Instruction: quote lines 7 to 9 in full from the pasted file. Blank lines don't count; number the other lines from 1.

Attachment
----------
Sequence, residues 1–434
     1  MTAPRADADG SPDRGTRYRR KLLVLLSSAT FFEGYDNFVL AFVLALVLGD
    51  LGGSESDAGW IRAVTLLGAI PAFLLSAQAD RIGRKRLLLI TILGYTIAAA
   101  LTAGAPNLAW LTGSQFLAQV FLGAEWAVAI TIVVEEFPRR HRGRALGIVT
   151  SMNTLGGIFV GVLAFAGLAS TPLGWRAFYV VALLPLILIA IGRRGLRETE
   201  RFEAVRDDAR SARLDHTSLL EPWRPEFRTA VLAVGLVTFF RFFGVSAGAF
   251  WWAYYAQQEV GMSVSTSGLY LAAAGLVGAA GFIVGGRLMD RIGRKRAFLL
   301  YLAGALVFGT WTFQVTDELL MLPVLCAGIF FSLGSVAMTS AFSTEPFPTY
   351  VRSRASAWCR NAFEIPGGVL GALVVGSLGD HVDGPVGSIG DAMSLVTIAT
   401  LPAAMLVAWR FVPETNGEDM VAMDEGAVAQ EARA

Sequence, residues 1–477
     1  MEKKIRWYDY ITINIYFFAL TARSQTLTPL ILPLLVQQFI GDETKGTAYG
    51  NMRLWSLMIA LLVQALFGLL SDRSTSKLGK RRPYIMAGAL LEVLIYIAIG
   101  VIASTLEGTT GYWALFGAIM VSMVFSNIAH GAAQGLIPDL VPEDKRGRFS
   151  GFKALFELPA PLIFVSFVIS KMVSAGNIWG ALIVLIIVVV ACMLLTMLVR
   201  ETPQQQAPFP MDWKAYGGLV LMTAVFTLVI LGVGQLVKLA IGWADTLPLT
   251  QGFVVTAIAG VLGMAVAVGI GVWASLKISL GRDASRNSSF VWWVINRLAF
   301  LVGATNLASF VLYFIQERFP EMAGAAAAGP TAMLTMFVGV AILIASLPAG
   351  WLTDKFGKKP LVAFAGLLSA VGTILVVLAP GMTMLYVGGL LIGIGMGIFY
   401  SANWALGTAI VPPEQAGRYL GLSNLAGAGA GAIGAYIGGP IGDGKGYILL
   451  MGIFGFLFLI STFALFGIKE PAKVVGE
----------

   251  WWAYYAQQEV GMSVSTSGLY LAAAGLVGAA GFIVGGRLMD RIGRKRAFLL
   301  YLAGALVFGT WTFQVTDELL MLPVLCAGIF FSLGSVAMTS AFSTEPFPTY
   351  VRSRASAWCR NAFEIPGGVL GALVVGSLGD HVDGPVGSIG DAMSLVTIAT